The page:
Kathryn Roberts
Kathryn's Story

Kathryn joined Watsi on March 13th, 2015. 19 other people also joined Watsi on that day! Kathryn's most recent donation supported Komuhangi, an aspiring nurse from Uganda, for a hernia repair surgery.


Kathryn has funded healthcare for 3 patients in 2 countries.

All patients funded by Kathryn

Meet eight-year-old Komuhangi, a third grade student who lives in Uganda with her single mother. She loves flowers, and her favorite subject in school is English. She dreams of one day becoming a nurse so that she can help people. Komuhangi has an umbilical hernia--causing a loop of her intestines to abnormally protrude in her abdomen. Our medical partner, African Mission Healthcare Foundation (AMHF), explains, "After birth, Komuhangi's umbilical cord took long to heal. The belly button was bigger than normal but her mother thought it was ok." A year ago, Komuhangi began experiencing on and off again abdominal pain. Sometimes the pain was so severe that she was even unable to eat her meals. Komuhangi also developed painless umbilical swelling. Komuhangi’s condition puts her at risk of further health complications. "If not treated, Komuhangi is at a high risk of getting intestinal obstruction." Komuhangi’s mother works as a store assistant at the hospital and "is unable to fund her daughter's surgery because her salary is their sole source of income and it cannot cover all their needs." For $220, doctors will perform surgery to treat her umbilical hernia. This operation will reposition the displaced loop of Komuhangi's intestine and repair the damaged section of her abdominal wall. By closing off the site of the defect, Komuhangi will be pain-free and without risk of obstruction. AMHF states that after her recovery, “Komuhangi will be able to concentrate on her studies and hopefully achieve her dreams." "Thank you for the help," Komuhangi says. "I wish I could see you and give you flowers."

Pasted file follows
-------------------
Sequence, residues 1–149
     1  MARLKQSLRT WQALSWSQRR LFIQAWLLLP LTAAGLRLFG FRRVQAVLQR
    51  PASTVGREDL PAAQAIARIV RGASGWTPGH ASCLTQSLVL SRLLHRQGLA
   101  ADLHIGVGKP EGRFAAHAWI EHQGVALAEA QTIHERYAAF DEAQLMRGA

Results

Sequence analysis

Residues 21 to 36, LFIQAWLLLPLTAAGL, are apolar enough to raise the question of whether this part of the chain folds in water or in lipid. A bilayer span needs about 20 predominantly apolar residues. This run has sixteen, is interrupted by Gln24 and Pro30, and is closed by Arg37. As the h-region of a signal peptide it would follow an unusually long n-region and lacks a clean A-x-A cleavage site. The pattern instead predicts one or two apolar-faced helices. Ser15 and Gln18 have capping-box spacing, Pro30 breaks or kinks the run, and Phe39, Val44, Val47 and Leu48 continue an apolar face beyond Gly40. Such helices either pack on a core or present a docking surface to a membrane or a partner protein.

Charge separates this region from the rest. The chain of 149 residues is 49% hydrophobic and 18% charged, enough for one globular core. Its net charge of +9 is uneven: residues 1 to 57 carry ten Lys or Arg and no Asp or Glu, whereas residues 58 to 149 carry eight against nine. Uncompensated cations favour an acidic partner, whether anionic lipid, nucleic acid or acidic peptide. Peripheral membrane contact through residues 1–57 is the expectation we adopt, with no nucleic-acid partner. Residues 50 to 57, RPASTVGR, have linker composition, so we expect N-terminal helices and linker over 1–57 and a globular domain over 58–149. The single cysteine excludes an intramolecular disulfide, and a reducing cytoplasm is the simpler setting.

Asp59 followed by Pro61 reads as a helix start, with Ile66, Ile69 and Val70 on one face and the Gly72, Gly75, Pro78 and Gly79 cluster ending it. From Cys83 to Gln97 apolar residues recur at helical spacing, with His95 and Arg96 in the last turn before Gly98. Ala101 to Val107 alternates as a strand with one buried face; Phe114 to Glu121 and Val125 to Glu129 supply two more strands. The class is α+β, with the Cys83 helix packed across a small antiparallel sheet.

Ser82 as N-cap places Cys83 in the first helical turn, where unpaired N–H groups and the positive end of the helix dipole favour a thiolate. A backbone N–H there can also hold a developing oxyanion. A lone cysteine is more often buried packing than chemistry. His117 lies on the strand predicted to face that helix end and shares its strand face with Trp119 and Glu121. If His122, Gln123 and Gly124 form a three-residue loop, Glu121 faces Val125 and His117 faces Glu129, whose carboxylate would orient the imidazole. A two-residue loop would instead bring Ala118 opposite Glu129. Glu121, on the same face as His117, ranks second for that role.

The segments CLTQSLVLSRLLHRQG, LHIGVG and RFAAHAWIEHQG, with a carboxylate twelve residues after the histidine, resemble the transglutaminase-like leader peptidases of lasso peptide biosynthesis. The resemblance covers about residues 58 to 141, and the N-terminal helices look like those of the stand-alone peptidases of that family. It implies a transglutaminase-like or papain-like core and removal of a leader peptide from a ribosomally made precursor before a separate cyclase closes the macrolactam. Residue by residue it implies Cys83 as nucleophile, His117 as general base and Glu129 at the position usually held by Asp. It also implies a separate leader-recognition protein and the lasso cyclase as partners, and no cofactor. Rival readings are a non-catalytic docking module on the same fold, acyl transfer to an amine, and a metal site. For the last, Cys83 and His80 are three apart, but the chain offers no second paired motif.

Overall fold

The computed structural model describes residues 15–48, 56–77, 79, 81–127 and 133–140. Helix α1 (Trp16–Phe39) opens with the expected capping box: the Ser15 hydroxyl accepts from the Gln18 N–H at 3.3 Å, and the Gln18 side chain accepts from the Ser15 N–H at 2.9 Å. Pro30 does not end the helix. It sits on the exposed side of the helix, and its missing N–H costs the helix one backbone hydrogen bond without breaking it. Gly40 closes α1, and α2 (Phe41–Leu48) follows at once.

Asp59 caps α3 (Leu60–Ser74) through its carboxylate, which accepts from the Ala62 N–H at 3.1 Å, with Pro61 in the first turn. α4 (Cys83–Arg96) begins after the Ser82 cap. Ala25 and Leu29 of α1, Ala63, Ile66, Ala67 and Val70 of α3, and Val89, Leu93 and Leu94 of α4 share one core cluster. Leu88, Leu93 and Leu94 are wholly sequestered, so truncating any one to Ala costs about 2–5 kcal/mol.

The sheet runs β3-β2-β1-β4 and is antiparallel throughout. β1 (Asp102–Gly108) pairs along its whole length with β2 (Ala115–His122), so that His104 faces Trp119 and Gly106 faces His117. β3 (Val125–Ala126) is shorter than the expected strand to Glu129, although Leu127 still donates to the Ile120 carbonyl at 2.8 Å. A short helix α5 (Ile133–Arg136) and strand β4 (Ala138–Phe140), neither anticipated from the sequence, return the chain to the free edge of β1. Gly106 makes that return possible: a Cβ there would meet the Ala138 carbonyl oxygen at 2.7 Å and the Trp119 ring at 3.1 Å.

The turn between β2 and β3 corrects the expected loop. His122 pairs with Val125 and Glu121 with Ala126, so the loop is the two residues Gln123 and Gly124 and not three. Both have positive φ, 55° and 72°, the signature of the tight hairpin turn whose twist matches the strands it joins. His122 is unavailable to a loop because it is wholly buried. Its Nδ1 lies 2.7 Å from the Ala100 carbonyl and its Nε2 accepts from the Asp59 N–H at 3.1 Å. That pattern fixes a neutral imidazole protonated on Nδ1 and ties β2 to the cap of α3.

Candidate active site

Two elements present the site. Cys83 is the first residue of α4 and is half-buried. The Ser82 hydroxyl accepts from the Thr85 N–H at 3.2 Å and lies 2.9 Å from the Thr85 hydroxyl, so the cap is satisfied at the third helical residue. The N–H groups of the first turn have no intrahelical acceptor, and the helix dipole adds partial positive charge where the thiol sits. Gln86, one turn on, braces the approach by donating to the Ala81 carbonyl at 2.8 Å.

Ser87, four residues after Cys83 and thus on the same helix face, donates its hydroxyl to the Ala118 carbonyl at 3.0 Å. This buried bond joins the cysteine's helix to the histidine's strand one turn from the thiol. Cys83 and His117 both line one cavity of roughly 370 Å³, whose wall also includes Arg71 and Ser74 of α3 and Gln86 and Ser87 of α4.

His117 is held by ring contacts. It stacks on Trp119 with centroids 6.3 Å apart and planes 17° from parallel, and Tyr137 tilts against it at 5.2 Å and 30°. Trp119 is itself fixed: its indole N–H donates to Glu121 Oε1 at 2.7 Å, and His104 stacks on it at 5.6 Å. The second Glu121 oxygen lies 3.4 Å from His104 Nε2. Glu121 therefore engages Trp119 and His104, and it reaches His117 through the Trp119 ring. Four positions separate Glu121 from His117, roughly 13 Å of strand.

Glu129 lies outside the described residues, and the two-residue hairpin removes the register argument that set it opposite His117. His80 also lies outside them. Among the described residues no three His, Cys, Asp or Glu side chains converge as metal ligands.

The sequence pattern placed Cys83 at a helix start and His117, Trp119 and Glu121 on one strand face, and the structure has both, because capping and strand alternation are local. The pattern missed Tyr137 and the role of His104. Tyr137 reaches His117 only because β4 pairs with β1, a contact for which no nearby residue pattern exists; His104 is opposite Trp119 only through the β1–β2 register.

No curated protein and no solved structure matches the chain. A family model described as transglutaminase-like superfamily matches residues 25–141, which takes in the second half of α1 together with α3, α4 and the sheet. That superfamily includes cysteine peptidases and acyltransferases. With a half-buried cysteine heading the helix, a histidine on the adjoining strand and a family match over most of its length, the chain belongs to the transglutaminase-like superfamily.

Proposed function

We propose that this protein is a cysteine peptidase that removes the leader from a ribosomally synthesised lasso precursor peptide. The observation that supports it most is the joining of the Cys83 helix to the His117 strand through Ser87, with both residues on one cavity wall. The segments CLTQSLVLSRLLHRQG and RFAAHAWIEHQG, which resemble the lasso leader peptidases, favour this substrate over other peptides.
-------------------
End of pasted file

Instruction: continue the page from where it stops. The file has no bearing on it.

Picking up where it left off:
Fully funded

Victoria, a 46-year-old woman, lives in Guatemala with her husband and six children. She supports her family as a textile weaver, while her husband sells textiles and handcrafts in a nearby town. To supplement their income, they farm corn in a small plot of land. “Victoria has rheumatoid arthritis,” our medical partner, Wuqu’ Kawoq (WK), explains. “Over the past year, it has gotten so bad that she has had to stop working. This is compromising her family’s ability to earn enough money to care for their children.” Rheumatoid arthritis is a debilitating chronic disease that causes inflammation in the joints. In most cases, patients with this condition experience some form of deformity--diminishing the ability to use their hands or feet. “Victoria is constantly in pain and believes that Wuqu’ Kawoq is her last hope,” WK tells us. “Without intervention, she will continue to live in constant pain and her ability to move and complete daily activities will become near impossible over time.” For $425, Victoria will receive treatment for her rheumatoid arthritis. WK will provide medication and regular follow-ups to monitor her condition, allowing her to get back to her family and work. With access to appropriate medication and medical attention, Victoria will be able to complete daily tasks easier and get back to her job to support her family. “My daughters have been helping me, but I want them to feel free to live their own lives and not have to constantly care for me,” shares Victoria. “I just want to get better so I can help my family."

Fully funded